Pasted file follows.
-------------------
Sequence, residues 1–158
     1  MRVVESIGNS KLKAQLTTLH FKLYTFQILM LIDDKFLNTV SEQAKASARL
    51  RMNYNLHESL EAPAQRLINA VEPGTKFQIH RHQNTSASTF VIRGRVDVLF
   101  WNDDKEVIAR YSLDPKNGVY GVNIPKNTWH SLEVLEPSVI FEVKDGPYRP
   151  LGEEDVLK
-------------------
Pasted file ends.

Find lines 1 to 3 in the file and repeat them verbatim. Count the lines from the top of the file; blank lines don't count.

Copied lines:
Sequence, residues 1–158
     1  MRVVESIGNS KLKAQLTTLH FKLYTFQILM LIDDKFLNTV SEQAKASARL
    51  RMNYNLHESL EAPAQRLINA VEPGTKFQIH RHQNTSASTF VIRGRVDVLF